The Great Pumpkin
Linus was a kid way ahead of his time, at least nutritionally speaking. He must have known that the Great Pumpkin brought more than toys for good children. Vitamin A, beta-carotene, fiber, potassium, and lots of flavor—these are the real gifts the pumpkin brings.
As American as Pumpkin PieLong before Linus began his yearly Halloween vigil in the pumpkin patch, this orange vegetable was well-known and loved. It was one of the first foods the Native Americans introduced to the colonists and it quickly became a staple of the Thanksgiving meal. It was so loved that one early Connecticut colony delayed Thanksgiving because the molasses needed to make pumpkin pie wasn't readily available.
More Than a Pretty PieThe pumpkin is a member of the gourd family, which also includes watermelon, cucumber, muskmelon, and squash. The pumpkin is most similar to squash and is often classified as a winter squash.Being a brightly colored vegetable, the pumpkin is rich in many healthful nutrients, and low in fat and calories. It is especially lauded among nutritionists for its hefty doses of the antioxidants vitamin A and beta-carotene. The pumpkin's seeds, called pepitas, are a good source of unsaturated fatty acids, protein, magnesium, phosphorous, and the vitamins E, C, and A. The following table outlines pumpkin's nutrient content:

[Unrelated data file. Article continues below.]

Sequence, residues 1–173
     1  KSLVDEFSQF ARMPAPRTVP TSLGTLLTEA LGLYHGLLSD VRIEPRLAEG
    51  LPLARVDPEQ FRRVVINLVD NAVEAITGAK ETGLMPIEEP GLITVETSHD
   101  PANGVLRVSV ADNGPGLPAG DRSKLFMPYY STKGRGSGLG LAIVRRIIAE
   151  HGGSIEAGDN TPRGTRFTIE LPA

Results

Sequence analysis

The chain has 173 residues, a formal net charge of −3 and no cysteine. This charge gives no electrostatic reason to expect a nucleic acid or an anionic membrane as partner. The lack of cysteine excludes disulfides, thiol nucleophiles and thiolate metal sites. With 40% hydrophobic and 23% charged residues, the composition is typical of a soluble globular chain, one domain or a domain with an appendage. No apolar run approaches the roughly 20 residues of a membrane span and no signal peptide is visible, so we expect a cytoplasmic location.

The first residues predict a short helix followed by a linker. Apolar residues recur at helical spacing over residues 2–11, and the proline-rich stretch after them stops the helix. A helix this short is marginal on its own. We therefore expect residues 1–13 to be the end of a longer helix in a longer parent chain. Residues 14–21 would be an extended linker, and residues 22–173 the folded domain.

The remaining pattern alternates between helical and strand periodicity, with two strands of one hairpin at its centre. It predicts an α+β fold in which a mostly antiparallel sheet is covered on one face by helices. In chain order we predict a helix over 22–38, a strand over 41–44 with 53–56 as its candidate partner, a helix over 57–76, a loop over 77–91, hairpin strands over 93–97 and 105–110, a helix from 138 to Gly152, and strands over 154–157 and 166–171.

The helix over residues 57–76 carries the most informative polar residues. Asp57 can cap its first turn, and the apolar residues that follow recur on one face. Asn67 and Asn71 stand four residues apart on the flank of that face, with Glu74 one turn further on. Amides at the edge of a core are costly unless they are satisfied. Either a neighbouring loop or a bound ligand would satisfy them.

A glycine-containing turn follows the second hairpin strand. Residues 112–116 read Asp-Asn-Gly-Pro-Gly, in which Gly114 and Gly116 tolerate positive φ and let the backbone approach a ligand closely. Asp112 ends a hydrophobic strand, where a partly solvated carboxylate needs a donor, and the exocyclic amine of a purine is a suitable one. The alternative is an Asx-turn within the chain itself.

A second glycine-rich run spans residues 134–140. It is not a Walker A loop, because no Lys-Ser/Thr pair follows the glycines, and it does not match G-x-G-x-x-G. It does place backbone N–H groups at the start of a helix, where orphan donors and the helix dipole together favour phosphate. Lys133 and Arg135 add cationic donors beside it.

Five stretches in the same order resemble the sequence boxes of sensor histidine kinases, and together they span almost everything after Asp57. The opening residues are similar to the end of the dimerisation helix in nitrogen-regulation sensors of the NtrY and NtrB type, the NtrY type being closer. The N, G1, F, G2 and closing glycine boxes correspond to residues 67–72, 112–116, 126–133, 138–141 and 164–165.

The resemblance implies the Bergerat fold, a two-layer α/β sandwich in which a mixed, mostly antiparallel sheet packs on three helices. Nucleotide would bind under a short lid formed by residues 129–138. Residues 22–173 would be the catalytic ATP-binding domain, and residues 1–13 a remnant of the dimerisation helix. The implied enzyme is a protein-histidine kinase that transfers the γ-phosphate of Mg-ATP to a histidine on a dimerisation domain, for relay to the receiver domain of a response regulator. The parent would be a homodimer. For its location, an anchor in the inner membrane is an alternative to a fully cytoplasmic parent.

|Food, amount||Calories||Vitamin A||Potassium (mg)||Vitamin C (mg)||Fiber (g)|
|Fresh pumpkin, boiled, 1 cup||48||264 RE; 2640 IU||562||12||2.6|
|Canned pumpkin, 1 cup||82||5382 RE; 53816 IU||502||10||7|